Data from the sixth month study period indicates that the traffic calming redesign has substantially reduced the incidence of injurious crashes on Prospect Park West. Graphic: NYC DOT

The loudest applause at last night’s Brooklyn CB 6 meeting on the Prospect Park West bike lane went to DOT Assistant Commissioner Ryan Russo, after he wrapped up his presentation documenting the redesign’s effect on safety, bicycling rates, and traffic. The brief summary: injuries are down, cycling is up, and speeding has been tamed while travel times and traffic volumes are the same as before. The project has been a success so far and DOT will be moving ahead with further tweaks, like installing raised concrete islands in the pedestrian zones between the bike lane and the traffic lanes.

The second loudest applause went to Council Member Brad Lander, after he told the audience of about 150 that the DOT data “shows the project is working to me and that we should keep it and move forward.” (In contrast, you could hear crickets chirping after Lander’s colleague in the council, Steve Levin, weighed in on the redesign by saying he’s concerned about the effect on snow removal. Christmas blizzard populism has its limits.)

Other than that, there weren’t many occasions to audibly and directly register one’s opinion at a meeting devoted mainly to audience questions about DOT’s presentation. CB 6 will be holding another event to gather public feedback on the redesign, probably in March. So prepare to save the date.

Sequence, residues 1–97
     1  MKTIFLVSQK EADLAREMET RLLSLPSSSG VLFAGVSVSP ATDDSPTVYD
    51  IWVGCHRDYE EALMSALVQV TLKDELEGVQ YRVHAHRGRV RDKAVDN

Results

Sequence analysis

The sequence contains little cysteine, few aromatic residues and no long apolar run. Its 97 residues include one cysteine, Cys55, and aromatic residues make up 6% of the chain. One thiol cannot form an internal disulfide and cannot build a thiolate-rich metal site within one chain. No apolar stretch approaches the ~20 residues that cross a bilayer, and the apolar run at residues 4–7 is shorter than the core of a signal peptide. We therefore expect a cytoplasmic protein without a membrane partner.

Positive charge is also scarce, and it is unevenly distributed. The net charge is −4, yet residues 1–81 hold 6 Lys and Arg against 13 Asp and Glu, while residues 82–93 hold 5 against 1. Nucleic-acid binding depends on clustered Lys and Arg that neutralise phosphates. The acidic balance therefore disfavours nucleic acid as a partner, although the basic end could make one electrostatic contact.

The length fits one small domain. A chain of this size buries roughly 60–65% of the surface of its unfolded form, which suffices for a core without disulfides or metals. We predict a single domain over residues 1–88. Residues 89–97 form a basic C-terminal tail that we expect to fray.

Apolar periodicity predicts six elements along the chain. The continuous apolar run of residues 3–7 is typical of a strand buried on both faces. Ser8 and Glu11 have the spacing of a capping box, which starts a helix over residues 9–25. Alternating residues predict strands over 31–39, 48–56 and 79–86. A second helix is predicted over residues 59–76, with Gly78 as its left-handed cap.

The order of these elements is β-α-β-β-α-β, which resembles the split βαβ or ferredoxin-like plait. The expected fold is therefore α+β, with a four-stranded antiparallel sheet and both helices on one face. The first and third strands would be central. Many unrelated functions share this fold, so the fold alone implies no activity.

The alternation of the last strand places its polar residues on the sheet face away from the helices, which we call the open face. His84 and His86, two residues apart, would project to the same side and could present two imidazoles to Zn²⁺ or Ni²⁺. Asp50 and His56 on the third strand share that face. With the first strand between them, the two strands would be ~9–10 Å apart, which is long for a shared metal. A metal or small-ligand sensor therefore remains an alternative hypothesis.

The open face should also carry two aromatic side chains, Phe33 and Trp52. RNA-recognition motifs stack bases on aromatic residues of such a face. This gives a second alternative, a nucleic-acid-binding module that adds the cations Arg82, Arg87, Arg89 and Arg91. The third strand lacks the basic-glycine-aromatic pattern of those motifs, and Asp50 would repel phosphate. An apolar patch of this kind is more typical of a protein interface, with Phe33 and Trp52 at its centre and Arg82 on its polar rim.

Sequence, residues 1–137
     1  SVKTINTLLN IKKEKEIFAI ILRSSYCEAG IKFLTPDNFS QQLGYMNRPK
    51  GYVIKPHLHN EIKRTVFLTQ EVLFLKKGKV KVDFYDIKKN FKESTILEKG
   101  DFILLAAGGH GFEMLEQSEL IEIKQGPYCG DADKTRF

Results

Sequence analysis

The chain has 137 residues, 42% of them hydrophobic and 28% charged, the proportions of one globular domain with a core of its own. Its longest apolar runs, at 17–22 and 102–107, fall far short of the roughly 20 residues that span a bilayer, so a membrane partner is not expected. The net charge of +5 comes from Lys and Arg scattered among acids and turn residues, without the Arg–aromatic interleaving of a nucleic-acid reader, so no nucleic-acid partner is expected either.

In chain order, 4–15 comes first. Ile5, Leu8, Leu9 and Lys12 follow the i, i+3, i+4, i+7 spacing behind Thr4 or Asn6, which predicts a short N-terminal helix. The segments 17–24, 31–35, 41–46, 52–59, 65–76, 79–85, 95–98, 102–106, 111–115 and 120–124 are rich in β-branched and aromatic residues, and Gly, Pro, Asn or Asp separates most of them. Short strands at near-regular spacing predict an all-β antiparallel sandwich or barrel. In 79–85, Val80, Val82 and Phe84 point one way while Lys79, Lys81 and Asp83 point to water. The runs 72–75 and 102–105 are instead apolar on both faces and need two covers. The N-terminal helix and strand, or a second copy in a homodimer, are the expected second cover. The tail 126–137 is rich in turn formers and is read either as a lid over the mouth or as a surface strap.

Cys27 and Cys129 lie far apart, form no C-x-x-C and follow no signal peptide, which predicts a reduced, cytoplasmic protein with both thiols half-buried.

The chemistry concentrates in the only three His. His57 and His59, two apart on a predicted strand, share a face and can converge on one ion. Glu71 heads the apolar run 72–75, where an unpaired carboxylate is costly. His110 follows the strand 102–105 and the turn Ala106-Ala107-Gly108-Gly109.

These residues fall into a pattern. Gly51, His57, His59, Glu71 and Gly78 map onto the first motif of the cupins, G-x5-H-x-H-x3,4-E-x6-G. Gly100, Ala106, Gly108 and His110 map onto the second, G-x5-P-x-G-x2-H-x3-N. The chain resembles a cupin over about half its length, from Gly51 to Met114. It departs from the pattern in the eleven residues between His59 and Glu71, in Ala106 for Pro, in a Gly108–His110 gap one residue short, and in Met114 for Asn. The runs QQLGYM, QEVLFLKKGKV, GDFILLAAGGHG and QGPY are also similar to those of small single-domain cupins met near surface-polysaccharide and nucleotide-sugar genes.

When the Q&A rolled around last night, the anti-bike lane folks were easy enough to spot because their questions mainly boiled down this: They don’t believe DOT. The “Neighbors for Better Bike Lanes” just don’t believe that a project which has slowed down speeding traffic and shortened crossing distances for pedestrians has actually improved safety. They would rather believe that their self-reported, apples-to-oranges data collection represents the truth, and that opposition to the bike lane is actually 50 times greater than what they’ve been able to muster.

Some of the more high-profile bike lane opponents, including Iris Weinshall and Norman Steisel, could be spotted in the pews of the Old First Reformed Church, shaking their heads as Russo and DOT bike and pedestrian director Josh Benson explained their data. (Interesting factoid: DOT bike counts and traffic flow data are collected by outside consultants, not agency staff.)